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March 11, 2022

How to Introduce and Implement a New Lead Routing Process

As your business grows, your revenue operations processes inevitably need to evolve and become more scalable. This is particularly true for lead distribution across your sales team which, for most scaling businesses, this shift includes the transition from manual lead routing to automated distribution. 

The benefits of automation are well known, including greater efficiencies, mitigation of “human error” and increased overall team and revenue performance. Recent studies also illustrate that employees view automation as an important driver of productivity and customer service. However, many businesses struggle with effectively managing and rolling out a new process. To overcome this challenge, RevOps leaders need to focus not only on what they are trying to accomplish, but why, when and how to establish buy-in and an effective plan for implementation and rollout. The following best practices – developed through both New Breed’s own implementation of automated lead routing as well as our work with hundreds of scaling organizations – offer a framework for success.

To Align Your Stakeholders, Start with Why

As your sales team grows, your needs in lead routing will naturally become more complex, your qualification criteria more diverse and your selling segments expanded. With the increased complexity of your lead-routing needs, there will also come a higher risk in things slipping through the cracks if you’re doing it manually. And in our world, “things slipping through the cracks” equates to potential opportunity and dollars walking out the door. No C-suite member in their right mind will argue against wanting a solution to plug that gap. 

However, in a world of competing priorities and budgets, it’s important to secure buy-in for automation across all revenue stakeholders. To do this, RevOps professionals need to constantly remind stakeholders of the business impacts on moving forward with a change vs. the opportunity cost of maintaining the status quo.

If you are building a case for a new automated lead-routing system, you’ll want to consider how the time invested in standing up a process like this will yield valuable results for your company. To build a business case, gather data and context on how things are being done today to compare the current state to the ideal future state. Here are a handful of questions to frame your case to all key stakeholders:

  • How many hours per month are you applying toward lead routing today? 
  • Are inbound leads currently coming in and manually being assigned by a single person on your team based on a set of criteria? 
  • Are inbound leads pooled together and assigned on a first-come, first-served basis??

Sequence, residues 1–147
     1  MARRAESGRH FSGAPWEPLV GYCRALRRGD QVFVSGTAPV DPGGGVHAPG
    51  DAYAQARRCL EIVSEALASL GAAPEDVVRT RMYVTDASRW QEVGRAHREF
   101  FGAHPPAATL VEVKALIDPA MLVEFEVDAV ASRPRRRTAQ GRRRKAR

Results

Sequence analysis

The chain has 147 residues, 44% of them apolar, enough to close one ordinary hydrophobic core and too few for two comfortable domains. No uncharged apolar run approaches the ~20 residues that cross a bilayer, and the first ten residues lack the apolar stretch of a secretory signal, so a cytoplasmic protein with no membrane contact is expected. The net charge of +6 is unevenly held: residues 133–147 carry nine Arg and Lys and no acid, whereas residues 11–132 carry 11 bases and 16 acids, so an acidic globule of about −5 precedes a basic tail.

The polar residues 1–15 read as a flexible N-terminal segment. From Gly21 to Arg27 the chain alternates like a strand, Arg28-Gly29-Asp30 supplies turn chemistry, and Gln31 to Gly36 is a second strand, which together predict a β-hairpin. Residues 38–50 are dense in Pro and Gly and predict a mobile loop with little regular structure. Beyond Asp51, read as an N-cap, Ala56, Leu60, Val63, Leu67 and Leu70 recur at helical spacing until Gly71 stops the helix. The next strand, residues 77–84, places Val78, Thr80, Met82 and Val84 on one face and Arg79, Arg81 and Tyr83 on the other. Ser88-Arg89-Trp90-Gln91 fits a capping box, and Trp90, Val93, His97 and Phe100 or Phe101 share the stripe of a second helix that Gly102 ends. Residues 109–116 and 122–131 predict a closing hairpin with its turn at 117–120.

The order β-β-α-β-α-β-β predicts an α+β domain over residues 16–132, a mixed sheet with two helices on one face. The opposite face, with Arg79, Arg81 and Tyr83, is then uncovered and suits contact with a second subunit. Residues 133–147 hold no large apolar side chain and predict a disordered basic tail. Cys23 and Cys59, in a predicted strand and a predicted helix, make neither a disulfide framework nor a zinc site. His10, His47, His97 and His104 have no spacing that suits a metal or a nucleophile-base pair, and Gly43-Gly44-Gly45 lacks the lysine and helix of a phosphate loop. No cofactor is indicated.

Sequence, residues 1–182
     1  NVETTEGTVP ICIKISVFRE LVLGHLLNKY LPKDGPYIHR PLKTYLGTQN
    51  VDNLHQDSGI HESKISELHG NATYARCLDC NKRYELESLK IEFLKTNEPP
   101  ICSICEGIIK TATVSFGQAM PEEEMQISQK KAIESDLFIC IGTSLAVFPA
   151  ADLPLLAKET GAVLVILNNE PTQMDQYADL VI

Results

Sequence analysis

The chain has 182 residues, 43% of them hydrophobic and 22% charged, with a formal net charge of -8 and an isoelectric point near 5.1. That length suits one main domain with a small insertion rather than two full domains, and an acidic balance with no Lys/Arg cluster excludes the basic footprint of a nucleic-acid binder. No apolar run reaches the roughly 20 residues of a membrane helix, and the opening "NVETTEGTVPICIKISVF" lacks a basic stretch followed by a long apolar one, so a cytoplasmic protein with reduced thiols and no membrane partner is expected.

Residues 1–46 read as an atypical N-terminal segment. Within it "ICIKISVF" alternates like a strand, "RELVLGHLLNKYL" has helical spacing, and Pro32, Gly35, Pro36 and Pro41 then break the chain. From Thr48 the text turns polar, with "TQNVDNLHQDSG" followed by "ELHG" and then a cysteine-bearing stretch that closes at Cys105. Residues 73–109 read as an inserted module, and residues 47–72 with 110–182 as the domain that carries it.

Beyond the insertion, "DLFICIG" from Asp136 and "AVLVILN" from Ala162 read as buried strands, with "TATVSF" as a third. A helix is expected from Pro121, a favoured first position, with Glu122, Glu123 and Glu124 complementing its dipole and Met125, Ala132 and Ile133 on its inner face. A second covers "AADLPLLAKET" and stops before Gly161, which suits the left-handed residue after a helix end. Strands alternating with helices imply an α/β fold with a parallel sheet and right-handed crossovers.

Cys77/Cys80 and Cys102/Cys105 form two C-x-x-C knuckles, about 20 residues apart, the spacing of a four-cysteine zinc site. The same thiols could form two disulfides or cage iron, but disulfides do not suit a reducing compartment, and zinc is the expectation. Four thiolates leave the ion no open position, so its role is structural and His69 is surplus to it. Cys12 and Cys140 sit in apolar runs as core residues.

• When you upload a list of sourced outbound contacts, are they just randomly divided up amongst your sales and Sales Development Rep teams? 

Compiling this data and documenting the pros and cons of this current process also has a secondary benefit: it will help serve as a benchmark you can measure after your implementation.

At the end of the day, we know in the operations world that finding a scalable way to move from manual to automated processes is almost always going to be considered best practice, and automated lead routing is no exception. Automated lead routing reduces time investment and manpower in an unnecessary process of checking boxes and doling out leads; your CRM and sales enablement tool, like HubSpot, should do this work for you. 

Clarify When you plan to make your process update

Once you’ve made your case of why and have the necessary buy-in from executive stakeholders, next comes the question of when it makes sense to actually implement an automated lead-routing system for your company. 

If your company is a lean, mean, inbound machine and your lead generation is through the roof, then you have no time to waste. And if your company includes a handful of salespeople that are just starting to invest in an inbound engine, then honestly, there’s no better time than the present to establish a solid foundation for scale. If the task of managing things manually starts to outweigh the opportunity cost of automating OR you have a herd of salespeople constantly bombarding your support ticket pipeline and berating your lead routing system for being faulty and ineffective, then now is the time to act. Essentially, an automated lead-routing system makes sense to establish at any stage of growth — it’s how and what you set up that will have to take on different forms and complexities based on your growth stage and needs. 

As mentioned above,  the longer you wait to establish an automated lead-routing system while you grow, the more time you allow things to slip through the cracks. Start early and you set yourself up for success in the long-term. 

And if you find yourself implementing something like this late? Well, you’ve got to start somewhere. Let’s dig in to how. 

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Develop Your Project Plan by Identifying and Assessing How to Proceed

There are countless ways to configure your automated lead-routing system to meet your company’s unique needs, but the key factors most businesses should consider are below:

What tech will you use to support this functionality?

A tool like HubSpot’s CRM and Sales Hub will allow you the flexibility to establish a round-robin lead rotation system basically out of the box and combined with other needed actions through workflows.